Former crews visit ambulance station to mark its 50th anniversary
- Credit: Archant
Ambulance crews from across the decades were invited to a reunion to mark the 50th anniversary of the opening of the station in St Neots.
The current St Neots' crews invited retired staff back to the station, in Huntingdon Street, at the end of June.
The Hunts Post published an article in January 1969 to report the official opening, which came after a public campaign as the original station had closed in 1960.
The report says the building cost £16,000 and was officially opened by the chairman of the old St Neots Urban Council, Norman Moore.
It was built to serve the town, which at that time had a population of 11,900 and a rural district population of 9,100. The station was manned from 8am till 6pm, from Monday till Saturday and 8am till 5pm on Sunday and at all other times staff were called from home.
A number of former colleagues were able to attend the event and between them they had clocked up a combined service time of more than 320 years.
Of those who attended the reunion, were Barry Hall, Ron Elt and Graham West.
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Mr Hall, who served for 42 years, said: "It's been a privilege to serve in the ambulance service - best job I've ever had."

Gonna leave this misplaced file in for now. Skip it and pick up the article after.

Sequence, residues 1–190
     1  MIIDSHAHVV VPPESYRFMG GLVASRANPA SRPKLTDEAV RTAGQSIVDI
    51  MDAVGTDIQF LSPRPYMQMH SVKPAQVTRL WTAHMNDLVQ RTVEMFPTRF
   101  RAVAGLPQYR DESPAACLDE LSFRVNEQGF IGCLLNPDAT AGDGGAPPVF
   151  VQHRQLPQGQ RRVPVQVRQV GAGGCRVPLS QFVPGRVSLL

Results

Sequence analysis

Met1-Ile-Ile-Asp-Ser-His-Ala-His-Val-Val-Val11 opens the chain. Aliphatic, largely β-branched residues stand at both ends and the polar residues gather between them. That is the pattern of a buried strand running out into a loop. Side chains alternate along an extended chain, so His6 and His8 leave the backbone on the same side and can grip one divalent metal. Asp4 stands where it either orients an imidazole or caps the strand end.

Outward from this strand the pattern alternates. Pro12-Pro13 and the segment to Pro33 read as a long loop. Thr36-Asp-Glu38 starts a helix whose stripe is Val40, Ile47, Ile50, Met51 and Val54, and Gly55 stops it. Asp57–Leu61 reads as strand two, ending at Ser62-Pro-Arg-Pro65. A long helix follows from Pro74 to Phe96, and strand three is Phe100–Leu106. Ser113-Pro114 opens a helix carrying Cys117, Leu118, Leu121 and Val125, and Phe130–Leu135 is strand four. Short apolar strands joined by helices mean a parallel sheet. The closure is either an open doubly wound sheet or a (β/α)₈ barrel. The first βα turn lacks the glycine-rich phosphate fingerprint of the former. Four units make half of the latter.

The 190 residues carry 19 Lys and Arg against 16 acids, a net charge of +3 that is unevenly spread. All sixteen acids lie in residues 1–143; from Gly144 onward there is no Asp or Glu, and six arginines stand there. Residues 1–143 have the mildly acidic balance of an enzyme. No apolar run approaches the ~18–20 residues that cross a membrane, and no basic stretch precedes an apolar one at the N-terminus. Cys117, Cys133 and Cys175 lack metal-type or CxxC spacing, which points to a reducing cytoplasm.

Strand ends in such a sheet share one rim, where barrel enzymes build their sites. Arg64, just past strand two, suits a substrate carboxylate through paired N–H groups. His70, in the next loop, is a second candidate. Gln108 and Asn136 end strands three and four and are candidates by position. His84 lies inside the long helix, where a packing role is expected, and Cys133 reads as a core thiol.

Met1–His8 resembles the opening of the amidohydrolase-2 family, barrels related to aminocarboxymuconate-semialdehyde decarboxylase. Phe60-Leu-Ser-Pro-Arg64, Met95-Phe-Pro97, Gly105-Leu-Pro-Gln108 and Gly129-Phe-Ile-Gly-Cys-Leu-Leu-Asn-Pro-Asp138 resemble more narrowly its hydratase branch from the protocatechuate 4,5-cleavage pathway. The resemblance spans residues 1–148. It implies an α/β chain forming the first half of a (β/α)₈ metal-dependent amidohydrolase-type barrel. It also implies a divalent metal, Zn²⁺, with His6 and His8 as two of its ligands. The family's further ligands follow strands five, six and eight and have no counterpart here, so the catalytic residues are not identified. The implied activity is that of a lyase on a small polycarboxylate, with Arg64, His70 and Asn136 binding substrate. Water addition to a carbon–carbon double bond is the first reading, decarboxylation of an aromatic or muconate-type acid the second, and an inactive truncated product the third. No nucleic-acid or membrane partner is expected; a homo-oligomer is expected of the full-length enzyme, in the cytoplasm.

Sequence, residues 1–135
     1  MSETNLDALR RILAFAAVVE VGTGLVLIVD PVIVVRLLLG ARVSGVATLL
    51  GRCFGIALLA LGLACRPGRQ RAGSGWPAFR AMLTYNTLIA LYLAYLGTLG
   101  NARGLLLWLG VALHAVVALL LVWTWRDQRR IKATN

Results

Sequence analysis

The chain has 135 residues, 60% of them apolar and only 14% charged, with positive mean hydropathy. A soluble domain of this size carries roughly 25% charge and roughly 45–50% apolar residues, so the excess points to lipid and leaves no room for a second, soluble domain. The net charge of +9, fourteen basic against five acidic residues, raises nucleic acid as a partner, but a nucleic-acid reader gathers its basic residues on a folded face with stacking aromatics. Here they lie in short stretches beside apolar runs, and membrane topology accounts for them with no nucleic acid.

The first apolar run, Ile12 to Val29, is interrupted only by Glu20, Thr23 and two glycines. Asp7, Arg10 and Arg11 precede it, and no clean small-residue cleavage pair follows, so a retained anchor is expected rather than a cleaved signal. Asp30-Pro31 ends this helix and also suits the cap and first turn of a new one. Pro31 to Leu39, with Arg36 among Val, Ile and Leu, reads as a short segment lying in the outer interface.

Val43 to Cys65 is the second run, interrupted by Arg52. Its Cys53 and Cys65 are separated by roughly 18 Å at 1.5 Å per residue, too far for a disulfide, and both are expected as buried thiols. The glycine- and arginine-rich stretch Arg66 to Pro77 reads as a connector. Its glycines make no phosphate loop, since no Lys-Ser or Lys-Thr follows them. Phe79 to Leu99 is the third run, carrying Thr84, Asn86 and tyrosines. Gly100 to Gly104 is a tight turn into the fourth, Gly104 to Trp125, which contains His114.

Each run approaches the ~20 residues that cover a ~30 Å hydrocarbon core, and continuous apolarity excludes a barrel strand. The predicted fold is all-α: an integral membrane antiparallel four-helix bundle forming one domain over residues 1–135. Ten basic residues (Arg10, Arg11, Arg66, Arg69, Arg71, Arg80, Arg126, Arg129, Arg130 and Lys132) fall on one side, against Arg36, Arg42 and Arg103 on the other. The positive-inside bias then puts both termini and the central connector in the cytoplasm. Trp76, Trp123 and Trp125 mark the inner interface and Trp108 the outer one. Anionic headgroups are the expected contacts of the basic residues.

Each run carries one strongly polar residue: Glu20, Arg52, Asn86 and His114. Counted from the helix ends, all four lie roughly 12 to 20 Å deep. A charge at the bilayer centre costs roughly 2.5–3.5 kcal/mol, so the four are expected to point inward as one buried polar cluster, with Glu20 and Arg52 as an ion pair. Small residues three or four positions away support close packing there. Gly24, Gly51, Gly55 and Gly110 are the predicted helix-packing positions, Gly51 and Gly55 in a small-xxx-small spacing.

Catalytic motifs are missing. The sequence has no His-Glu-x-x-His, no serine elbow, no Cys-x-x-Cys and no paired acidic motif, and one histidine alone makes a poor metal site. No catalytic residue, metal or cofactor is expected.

Mr Elt, who served for 28 years, said: "It brought back many memories and thoughts of other colleagues sadly no longer with us. The modern crews have far greater skill now than was available to us.
"Long may this station and its personnel continue to provide a much-needed service to the growing area."
Graham West, who put in 18 years' service, said: "Things have changed so much. I employed the first female member of frontline ambulance staff in Cambridgeshire in the late seventies. There were some great times. It was good to see the station in safe hands, with the old ethos showing through."
After a tour of the current facilities, Barry and Ron commented on the fact that the lockers installed for them 50 years ago were still in use. The were also "horrified" to notice that the ambulance bay floor wasn't shining as this was polished daily in the 1970s.
The station in the 1970s was only manned during the day and crews would work a daytime shift and then be on-call during the night.